« Last Edit: July 18, 2014, 04:05:53 AM by cmoate »

Fleacircus

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Re: Macbook vs. Chromebook?
« Reply #5 on: July 18, 2014, 05:02:23 AM »
I like cmoate's idea.

I use a Chromebook at home, but for work I would want a bigger screen.  I haven't had any performance issues regarding internet browsing, watching videos, or using Google docs.  If your work is mostly reading and typing stuff, a Chromebook would probably be sufficient performance-wise.

I do occasionally run across a web form or something that doesn't work well with Chrome, but that's probably true for Safari, too.

neo von retorch

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Re: Macbook vs. Chromebook?
« Reply #6 on: July 18, 2014, 05:36:56 AM »
More specifically, what software do you need to be able to run (effectively) to do your job remotely?

Do you need remote desktop and specific VPN software?
Do you need to run office software?

What else?

Daley

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Re: Macbook vs. Chromebook?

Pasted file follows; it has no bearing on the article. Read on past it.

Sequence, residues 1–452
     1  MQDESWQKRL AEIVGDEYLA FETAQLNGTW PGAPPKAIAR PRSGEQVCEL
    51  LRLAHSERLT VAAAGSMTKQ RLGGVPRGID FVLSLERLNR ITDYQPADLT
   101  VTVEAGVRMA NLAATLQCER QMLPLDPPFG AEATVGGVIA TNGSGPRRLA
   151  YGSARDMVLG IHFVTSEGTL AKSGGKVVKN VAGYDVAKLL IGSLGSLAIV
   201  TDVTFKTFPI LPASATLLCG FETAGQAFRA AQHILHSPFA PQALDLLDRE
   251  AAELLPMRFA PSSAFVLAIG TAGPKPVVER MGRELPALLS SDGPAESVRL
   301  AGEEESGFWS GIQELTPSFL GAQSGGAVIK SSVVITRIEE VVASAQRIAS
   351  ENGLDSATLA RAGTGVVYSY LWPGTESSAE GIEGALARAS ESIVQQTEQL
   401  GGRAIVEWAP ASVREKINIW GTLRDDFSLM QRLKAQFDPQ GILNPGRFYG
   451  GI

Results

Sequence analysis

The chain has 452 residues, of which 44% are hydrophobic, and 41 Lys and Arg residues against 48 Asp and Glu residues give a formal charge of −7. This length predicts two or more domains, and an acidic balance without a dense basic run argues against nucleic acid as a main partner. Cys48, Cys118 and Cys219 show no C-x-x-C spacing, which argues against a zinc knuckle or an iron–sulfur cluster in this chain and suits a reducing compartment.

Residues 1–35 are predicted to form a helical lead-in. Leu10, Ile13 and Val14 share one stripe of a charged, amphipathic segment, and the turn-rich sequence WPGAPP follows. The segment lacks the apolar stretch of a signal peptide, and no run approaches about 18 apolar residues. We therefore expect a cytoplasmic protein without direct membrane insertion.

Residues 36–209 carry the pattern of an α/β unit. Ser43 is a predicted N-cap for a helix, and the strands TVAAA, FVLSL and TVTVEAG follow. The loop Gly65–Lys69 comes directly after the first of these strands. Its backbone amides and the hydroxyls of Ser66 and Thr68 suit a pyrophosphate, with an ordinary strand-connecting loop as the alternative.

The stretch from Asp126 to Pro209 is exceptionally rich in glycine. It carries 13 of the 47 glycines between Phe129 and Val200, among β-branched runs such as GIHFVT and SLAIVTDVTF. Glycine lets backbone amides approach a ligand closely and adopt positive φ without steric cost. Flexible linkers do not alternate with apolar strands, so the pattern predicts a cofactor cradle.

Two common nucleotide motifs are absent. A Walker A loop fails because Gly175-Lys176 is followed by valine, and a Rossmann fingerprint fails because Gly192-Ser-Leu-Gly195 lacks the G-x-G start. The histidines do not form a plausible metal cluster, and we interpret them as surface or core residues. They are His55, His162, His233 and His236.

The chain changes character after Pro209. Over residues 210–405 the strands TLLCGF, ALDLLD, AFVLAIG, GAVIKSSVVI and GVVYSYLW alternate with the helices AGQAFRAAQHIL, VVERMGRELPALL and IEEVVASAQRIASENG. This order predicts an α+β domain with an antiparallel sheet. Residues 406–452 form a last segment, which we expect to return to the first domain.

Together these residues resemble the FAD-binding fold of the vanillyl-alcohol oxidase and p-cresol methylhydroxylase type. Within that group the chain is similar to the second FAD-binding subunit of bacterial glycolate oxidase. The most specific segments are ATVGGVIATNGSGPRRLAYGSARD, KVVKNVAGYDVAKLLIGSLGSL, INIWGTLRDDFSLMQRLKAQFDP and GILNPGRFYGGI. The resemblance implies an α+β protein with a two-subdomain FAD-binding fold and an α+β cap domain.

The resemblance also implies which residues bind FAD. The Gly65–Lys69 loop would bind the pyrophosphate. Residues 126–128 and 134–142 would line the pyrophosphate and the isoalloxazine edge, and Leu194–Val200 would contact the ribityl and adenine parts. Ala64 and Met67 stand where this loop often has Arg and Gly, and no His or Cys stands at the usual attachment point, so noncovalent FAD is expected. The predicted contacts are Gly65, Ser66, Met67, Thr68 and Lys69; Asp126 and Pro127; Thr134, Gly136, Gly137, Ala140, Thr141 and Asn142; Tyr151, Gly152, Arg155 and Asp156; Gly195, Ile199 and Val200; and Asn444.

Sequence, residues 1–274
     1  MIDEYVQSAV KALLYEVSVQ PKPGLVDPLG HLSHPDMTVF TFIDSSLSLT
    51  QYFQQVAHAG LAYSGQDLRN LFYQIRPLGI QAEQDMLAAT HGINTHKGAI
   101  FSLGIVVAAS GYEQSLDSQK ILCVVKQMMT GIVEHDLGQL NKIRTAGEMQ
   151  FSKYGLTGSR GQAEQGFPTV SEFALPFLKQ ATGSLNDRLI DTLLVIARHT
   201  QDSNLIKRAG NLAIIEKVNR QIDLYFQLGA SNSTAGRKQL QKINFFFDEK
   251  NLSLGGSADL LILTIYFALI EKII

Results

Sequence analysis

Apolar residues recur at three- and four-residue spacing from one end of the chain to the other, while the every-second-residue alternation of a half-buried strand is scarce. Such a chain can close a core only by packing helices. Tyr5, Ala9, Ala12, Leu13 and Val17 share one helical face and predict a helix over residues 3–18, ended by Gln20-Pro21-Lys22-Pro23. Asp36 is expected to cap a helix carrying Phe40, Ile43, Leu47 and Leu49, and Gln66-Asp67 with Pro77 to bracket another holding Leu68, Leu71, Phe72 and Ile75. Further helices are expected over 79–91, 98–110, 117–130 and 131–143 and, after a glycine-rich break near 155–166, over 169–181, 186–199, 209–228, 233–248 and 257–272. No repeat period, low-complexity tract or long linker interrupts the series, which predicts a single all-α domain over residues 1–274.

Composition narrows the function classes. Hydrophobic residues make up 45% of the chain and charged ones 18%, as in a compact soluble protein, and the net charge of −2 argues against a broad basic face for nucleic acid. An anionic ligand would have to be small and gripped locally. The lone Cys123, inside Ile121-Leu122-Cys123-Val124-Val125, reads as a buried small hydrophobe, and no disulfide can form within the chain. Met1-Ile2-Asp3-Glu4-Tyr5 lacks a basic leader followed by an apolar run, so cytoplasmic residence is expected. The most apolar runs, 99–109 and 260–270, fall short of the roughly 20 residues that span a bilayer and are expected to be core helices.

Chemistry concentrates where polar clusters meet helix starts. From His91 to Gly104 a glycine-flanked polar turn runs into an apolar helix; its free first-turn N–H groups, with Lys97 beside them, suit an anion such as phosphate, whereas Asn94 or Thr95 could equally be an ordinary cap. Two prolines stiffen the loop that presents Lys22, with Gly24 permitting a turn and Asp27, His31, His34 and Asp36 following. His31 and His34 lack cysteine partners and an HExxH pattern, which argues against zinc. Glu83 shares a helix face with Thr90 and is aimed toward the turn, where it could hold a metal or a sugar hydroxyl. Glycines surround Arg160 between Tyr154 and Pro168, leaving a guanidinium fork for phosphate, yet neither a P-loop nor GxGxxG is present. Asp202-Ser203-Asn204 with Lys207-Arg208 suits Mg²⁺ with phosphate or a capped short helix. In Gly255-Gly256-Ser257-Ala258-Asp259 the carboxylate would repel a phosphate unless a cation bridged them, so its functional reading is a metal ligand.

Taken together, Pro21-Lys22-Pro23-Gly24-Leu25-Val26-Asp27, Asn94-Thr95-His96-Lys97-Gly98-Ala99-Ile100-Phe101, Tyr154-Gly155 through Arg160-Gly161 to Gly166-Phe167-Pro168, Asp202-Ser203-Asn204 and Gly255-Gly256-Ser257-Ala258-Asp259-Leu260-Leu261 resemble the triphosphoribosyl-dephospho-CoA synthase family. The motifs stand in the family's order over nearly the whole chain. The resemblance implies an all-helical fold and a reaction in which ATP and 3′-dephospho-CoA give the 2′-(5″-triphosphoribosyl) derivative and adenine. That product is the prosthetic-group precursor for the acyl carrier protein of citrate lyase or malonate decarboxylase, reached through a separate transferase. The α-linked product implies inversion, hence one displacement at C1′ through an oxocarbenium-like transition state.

« Reply #7 on: July 18, 2014, 09:18:35 AM »
The Macbook is fine. As has been recommended, an SSD is a useful upgrade. It'll be faster and more powerful than any Chromebook, and if you're willing to go ChromeOS, there's no reason to eliminate Linux as an OS of choice given that's basically what you'd be using anyway if you switched (albeit heavily stripped down).

Ignoring the whole new hard drive issue, when was the last time you did a fresh and clean OS install? Bitrot happens on any OS, as does file fragmentation. That said, are you using an early '07 plastic Macbook or the late '07 aluminum? Are you able to run Mavericks on this thing, or are you stuck on Lion? Lion's not receiving security updates anymore, and I wouldn't recommend using an OS that's not receiving security updates for use with business.